Armoured Carriers: The British Way - HMS Illustrious' Fate [Part.6-1]
Since HMS Illustrious endured the most severe punishment ever inflicted to an aircraft carrier, and since damage were so extensive, I'll have to split the whole damage account into multiple parts. Here I'll focus on direct bomb hits.
On January 10, 1941, HMS Illustrious was escorting two convoys bound to reinforce and resupply Malta. At 1220, she was attacked by Italian SM.79s but managed to avoid their torpedoes. Five minutes later, a large air attack was spotted by Lusty's radar and combat air patrols were sent to intercept while more fighters took off. By 1236, while the last fighter was leaving the deck, anti-aircraft guns opened fire. Between 35 and 45 Junkers Ju 87 dive bombers attacked Illustrious in a well coordinated attack. The first bomb, a 500kg (1'100lb) SAP (Semi-Armour Piercing), went through the P-1 (port) Pom-Pom platform and set some stored ammunitions afire. The bomb then bounced on the top of the side armor and split in half with half of the bomb detonating on the armor plates and the other half splashing and exploding into the sea. The second hit was again a 500kg SAP bomb which penetrated the flight deck on the edge of the plating in an unarmored area, on the port side. The bomb went through the recreation space and excited through the bow just before detonating. Splinter damage was intense and caused both little fires and flooding.
The third bomb fell on the S-2 Pom-Pom station forward of the island. Despite striking an unarmored area, the 250kg (550lb) GP (General Purpose) bomb detonated on contact, whipping out the gunners and putting both gun stations (S-1 and S-2) out of actions. The next two hits are practically impossible to dissociate from each other. A 250kg GP and a 500kg SAP both landed in the aft elevator pit in quick succession. The elevator was being lowered in order to bring a Fairey Fulmar in the hangar and the first bomb struck the port top corner of the elevator. The blast shredded a fire curtain inside the hangar and shrapnel ripped through aircraft, equipment and crew.
[Continuing in comments⬇️]

Armoured Carriers: The British Way - Doctrine [Part.1]
Aircraft carrier designers of the time were facing a single question that only strategists could answer: Strike or Survive? The answer, unique to every nations, would direct carrier doctrine before and throughout the war. In the early 1930s, Great Britain's most likely enemy was Japan. A war in the Pacific was thus the scenario for which the Royal Navy prepared itself. The idea was similar to that followed by the United States and Japan, the only other major naval powers operating aircraft carriers. A fight in the Pacific required endurance and large air-groups, a design reflected by HMS Ark Royal. But in the mid-1930s, Germany and Italy proved to be much more of a threat and the Royal Navy found itself in a unique situation, having to operate in the North Sea, North Atlantic, Mediterranean, Indian and Pacific Oceans.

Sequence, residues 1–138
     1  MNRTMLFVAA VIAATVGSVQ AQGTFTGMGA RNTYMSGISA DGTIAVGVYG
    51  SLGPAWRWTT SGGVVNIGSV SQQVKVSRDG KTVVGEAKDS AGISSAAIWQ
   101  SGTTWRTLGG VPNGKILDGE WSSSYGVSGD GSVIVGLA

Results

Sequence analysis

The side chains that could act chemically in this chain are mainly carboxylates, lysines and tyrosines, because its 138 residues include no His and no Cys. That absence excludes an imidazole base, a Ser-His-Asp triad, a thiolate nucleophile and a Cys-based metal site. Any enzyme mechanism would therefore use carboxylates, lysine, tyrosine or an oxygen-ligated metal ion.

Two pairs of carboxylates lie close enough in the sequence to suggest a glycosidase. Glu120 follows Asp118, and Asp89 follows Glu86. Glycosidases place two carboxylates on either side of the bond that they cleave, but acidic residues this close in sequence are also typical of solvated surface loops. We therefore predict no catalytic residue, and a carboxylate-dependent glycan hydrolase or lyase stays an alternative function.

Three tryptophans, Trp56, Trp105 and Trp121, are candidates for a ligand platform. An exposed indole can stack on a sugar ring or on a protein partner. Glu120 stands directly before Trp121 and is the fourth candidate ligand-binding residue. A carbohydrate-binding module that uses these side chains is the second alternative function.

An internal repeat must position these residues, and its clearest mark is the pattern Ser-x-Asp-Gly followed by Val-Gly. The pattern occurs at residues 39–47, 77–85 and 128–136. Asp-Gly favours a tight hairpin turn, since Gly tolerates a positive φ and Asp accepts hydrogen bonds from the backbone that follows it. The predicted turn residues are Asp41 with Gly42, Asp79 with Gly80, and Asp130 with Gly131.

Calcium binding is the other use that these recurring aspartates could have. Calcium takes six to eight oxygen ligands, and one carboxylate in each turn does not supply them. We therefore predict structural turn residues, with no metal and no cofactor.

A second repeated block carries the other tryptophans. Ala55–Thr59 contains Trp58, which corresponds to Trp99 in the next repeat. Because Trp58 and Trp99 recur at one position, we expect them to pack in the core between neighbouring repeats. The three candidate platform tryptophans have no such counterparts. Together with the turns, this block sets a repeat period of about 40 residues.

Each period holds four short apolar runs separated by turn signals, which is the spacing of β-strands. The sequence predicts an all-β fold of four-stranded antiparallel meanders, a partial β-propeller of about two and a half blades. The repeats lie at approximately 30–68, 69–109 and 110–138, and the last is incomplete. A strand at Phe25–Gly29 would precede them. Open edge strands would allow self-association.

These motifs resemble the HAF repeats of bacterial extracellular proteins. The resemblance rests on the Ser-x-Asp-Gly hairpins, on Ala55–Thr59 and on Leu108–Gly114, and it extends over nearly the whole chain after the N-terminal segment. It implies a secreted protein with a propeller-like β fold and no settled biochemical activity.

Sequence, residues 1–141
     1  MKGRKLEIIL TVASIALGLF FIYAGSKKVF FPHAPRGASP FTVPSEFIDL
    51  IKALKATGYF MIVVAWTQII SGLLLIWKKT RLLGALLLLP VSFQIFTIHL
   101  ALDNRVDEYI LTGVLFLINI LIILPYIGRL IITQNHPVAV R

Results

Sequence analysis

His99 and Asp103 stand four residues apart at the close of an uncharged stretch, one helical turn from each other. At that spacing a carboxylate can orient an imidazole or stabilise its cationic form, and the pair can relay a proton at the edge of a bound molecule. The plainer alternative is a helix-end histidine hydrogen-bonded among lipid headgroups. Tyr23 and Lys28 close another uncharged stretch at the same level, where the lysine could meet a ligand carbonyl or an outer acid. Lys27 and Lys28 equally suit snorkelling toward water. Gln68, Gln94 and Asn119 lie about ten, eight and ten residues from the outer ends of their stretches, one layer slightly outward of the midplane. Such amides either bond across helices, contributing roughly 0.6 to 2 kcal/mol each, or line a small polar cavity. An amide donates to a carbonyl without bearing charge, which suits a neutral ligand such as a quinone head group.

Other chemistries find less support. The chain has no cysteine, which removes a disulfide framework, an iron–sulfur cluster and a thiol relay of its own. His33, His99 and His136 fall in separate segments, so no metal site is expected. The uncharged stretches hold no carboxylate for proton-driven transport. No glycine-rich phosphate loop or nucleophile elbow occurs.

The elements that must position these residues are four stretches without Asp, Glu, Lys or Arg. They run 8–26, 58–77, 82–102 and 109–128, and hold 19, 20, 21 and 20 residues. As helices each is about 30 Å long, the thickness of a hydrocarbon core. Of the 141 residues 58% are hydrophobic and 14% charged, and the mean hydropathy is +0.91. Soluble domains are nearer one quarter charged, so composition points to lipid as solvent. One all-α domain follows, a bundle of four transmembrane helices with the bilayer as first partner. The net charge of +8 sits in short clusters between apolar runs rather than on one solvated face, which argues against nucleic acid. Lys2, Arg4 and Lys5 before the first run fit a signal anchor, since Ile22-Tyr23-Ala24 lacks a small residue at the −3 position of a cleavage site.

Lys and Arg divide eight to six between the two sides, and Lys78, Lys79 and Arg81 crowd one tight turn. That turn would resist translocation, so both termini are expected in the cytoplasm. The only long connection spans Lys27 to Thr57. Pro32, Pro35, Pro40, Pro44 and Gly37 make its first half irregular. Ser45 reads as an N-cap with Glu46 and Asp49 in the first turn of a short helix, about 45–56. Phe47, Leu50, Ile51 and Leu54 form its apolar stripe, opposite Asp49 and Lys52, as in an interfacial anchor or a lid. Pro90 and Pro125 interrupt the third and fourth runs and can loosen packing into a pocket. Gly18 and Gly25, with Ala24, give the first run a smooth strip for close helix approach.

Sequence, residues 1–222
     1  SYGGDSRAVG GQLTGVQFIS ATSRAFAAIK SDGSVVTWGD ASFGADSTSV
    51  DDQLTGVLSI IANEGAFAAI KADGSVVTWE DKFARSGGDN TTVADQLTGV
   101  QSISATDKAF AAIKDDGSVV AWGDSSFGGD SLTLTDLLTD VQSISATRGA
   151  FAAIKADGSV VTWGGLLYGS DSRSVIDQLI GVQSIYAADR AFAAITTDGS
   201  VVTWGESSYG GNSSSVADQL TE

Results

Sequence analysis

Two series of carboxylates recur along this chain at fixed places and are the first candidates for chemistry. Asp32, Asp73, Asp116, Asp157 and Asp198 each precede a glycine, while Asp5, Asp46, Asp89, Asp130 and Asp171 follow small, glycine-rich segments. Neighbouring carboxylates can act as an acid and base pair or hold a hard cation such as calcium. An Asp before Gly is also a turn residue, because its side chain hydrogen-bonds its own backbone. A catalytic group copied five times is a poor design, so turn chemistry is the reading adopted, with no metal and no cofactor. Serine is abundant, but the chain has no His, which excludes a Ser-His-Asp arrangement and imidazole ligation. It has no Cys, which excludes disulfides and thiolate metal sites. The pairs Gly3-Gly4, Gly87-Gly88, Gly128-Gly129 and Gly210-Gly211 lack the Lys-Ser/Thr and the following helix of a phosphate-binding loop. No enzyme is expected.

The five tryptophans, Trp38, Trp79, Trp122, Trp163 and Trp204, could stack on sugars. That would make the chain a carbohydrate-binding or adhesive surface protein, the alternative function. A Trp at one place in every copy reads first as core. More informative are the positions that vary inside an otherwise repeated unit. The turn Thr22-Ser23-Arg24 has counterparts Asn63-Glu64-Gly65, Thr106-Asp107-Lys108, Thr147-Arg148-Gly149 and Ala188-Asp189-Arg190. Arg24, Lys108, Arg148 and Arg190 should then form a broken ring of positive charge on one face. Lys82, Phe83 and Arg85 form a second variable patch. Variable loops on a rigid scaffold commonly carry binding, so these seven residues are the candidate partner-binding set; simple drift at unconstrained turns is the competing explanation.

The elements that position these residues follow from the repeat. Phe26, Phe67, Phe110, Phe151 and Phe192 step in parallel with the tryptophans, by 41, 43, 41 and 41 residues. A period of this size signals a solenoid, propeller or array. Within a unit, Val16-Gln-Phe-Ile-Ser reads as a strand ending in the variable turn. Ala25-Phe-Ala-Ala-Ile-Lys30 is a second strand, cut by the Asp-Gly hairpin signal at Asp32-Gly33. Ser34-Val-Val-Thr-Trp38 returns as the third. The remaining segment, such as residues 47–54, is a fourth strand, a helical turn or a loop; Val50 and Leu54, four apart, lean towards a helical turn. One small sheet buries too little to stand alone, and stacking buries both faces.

This led the British to adopt a very different approach. The threat of land-based bombers was paramount and operating in narrow waters dominated by enemy aircraft was extremely challenging. War games conducted by the RN, USN and IJN all brought the same conclusions: aircraft carriers were incredibly vulnerable and the first to strike would win. No matter how strong the defences were, an attacker would always get through and a single bomb was enough to render a carrier inoperable. Aircraft carriers would thus be subject to damage.
At the time, naval aviation was inferior to land-based aircraft by nature, but the situation was even worse for the Fleet Air Arm. Being part of the Royal Air Force, the FAA was given very little attention and its material was far from modern. The Royal Navy had such low expectations as to the effectiveness of its carrier-based fighters that a radical choice was taken: aircraft would be stored below in a protected space while the ship's heavy anti-aircraft armament would take up the defence along with the escort. This was a relevant choice in a world without radar for early warning or direction of air-patrol interceptions. The ship's survival was thus assured by maximising her own passive and active resistance to damage.